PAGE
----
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Wild as his land, in native deserts bred,
By lust incited, or by malice led,

The villain Arab, as he prowls for prey,

Oft marks with blood and wasting flames the way : Yet none so cruel as the Tartar foe,

To death inur'd, and nurst in scenes of woe.'

He said; when loud along the vale was heard A shriller shriek; and nearer fires appear'd: Th' affrighted shepherds, through the dews of night, Wide o'er the moon-light hills renew'd their flight.





KORASA's tribe, a frequent wandering train
From Zenan's pastures sought Negiran's plain.
With them Semira left her favourite shades,

The loveliest nymph of Yemen's sportive maids!

Her parting hand her fair companions press'd;
A transient sorrow touch'd each tender breast!
As some thin cloud across the morning ray
Casts one short moment's gloom, and glides away:
Their cares, their sports, they hasted soon to tend,
And lost in them the memory of their friend.

But gallant Zerad ill her absence bore, A wealthy emir from Katara's shore; A warrior he, the bravest of his race; A bard high-honour'd in his native place; Age oft learn'd knowledge from his tuneful tongue, And listening Beauty languish'd while he sung. What time the tribes in camp contiguous lay, Oft with the Fair-one he was wont to stray; There oft for her fresh fruits and flowers he sought, And oft her flocks to crystal fountains brought!

Where the tall palm-grove grac'd Alzobah's green, And sable tents in many a rank were seen; While Evening's steps the setting Sun pursued, And the still fields her balmy tears bedew'd; The pensive Lover, there reclin'd apart, Indulg'd the sorrows of his anxious heart. His graceful head the costly turban dress'd; The crimson sash confin'd his azure vest:

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His hand the sounding arabeb sustain'd;
And thus his voice in melody complain'd-
Soft as the night-bird's amorous music flows,
In Zibet's gardens, when she wooes the rose:

'Bright star of Sora's sky, whose matchless blaze, Gilds thy proud tribe with mild benignant rays! Sweet flower of Azem's vale, whose matchless bloom O'er thy fam'd house spreads exquisite perfume! Blithe fawn of Kosa, at the break of dawn, Midst groves of Cassia, sporting on the lawn! Too charming Beauty! why must I bemoan Thee from my presence thus abruptly flown? Ere the shrill trump to march the signal gave, And banners high in air began to wave;

Ere the tall camel felt his wonted load,

And herds and flocks slow mov'd along the road;
Ere slow behind them march'd the warrior train,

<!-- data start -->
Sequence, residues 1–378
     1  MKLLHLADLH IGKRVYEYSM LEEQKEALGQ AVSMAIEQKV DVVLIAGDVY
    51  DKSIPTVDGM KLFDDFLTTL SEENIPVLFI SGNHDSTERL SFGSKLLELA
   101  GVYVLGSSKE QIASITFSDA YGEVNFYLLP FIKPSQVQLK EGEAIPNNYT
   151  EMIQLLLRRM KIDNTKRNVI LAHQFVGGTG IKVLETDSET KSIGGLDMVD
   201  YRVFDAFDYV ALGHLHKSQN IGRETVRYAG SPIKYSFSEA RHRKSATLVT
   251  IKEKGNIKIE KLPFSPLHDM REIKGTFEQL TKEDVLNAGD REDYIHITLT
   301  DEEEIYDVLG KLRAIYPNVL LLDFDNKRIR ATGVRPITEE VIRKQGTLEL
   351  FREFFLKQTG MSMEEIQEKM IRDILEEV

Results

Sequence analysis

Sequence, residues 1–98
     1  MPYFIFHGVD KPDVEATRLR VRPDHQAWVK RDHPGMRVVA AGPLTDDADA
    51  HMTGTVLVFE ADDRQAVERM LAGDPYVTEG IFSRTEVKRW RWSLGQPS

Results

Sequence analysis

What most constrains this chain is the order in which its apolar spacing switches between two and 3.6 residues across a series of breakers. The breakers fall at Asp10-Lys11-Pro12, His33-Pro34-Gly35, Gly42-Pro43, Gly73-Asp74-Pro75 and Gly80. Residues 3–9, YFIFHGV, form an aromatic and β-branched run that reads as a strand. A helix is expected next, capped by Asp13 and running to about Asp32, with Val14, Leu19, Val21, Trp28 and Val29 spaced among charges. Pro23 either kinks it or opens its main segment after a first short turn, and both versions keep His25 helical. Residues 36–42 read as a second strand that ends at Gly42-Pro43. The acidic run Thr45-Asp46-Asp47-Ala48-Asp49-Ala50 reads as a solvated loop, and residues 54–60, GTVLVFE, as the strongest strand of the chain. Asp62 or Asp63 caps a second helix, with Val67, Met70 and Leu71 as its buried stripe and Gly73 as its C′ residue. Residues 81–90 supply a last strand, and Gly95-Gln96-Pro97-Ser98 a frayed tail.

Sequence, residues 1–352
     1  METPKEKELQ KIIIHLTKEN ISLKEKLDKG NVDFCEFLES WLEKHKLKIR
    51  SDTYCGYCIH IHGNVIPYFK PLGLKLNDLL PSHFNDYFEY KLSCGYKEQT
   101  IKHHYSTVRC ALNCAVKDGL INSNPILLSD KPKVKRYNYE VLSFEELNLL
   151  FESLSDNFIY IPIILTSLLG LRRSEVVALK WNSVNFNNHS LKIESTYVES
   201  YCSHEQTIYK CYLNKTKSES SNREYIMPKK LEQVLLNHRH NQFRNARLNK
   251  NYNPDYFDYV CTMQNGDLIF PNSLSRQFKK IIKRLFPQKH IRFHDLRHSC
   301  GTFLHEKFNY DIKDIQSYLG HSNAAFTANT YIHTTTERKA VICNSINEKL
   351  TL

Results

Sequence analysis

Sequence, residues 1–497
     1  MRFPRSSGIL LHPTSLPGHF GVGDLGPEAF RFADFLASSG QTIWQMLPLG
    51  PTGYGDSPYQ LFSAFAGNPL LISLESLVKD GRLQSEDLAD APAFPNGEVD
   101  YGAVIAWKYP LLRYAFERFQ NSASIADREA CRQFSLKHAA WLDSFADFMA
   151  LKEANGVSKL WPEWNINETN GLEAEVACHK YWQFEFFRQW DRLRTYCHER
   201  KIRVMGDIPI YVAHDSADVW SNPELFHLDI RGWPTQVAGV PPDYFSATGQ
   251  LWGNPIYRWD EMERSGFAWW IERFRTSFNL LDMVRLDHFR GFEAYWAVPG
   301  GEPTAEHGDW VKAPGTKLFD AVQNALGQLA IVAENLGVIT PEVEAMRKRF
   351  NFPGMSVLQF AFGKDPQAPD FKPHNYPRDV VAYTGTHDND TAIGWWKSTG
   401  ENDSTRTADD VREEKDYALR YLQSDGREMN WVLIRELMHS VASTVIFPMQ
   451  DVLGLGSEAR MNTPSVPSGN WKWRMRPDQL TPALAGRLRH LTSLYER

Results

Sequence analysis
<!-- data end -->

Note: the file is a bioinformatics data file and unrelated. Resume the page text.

And the struck tents left vacant all the plain ;-
Could no fond plea obtain a longer stay?
Would no kind hand th' intelligence convey?
Ah, hapless me! to Aden's port I stray'd,
Sought gold and gems, but lost my lovely maid!

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My friends, they come my sorrows to allayAzor the wise, and Soliman the gay

One cries, Let reason hold her sober reign,
Nor love's light trifles give thy bosom pain!
For thee kind science all her lore displays,
And Fame awaits thee with the wreath of praise.'
'O why,' cries one, is she alone thy care?
She's fair, indeed, but other maids are fair:
Negima's eyes with dazzling lustre shine,
And her black tresses curl like Zebid's vine;
On Hinda's brow Kushemon's lily blows,
And on her cheek unfolds Nishapor's rose!
With them, the tale, the song, the dance shall please,
When Mirth's free banquet fills the bower of ease.'

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Ah, cease,' said I, of love he little knows,

Who with sage counsel hopes to cure its woes!
Go, bid in air Yamama's lightning stay,

Or Perath's lion quit his trembling prey :
Kind Science' lore with Beauty best we share,
And Beauty's hands Fame's fairest wreaths prepare.
I praise Negima's lovely hair and eyes;
Nor Hinda's lily nor her rose despise :

But Omman's pearls diffuse a brighter beam.
Than the gay pebbles of Kalafa's stream.-

"O lov'd Semira! whither dost thou rove? Tread thy soft steps by Sada's jasmine grove? Dost thou thy flocks on Ocah's mountain keep? Do Ared's olives whisper o'er thy sleep?

Ah, no!—the maid, perhaps, remote from these,
Some hostile troop in ambush laid, may seize :
Too lovely captives! she, in triumph borne,
The proud Pacha's throng'd haram shall adorn.
Vain fear! around her march her valiant friends;
Brave Omar's hand the bow of Ishmael bends;
Strong Hassan's arm Kaaba's spear can wield,
And rear on high El-makin's ponderous shield!
Ah, shame to me! shall Sloth's dishonouring chain,
From love, from glory, Zerad here detain,

Till grief my cheek with sickly saffron spread,
And my eyes, weeping, match th' Argavan's red?
Haste, bring my steed, supreme in strength and grace,
First in the fight, and fleetest in the chase;
His sire renown'd on Gebel's hills was bred,
His beauteous dam in Derar's pastures fed:

Bring my strong lance, that ne'er impell'd in vain,
Pierc'd the fierce tiger on Hegesa's plain.

Across the desert, I her steps pursue ;

Toil at my side, and danger in my view!
There Thirst, fell demon! haunts the sultry air,
And his wild eye-balls roll with horrid glare;
There deadly Samiel, striding o'er the land,
Sweeps his red wing, and whirls the burning sand;
As winds the weary caravan along ;

The fiery storm involves the hapless throng,

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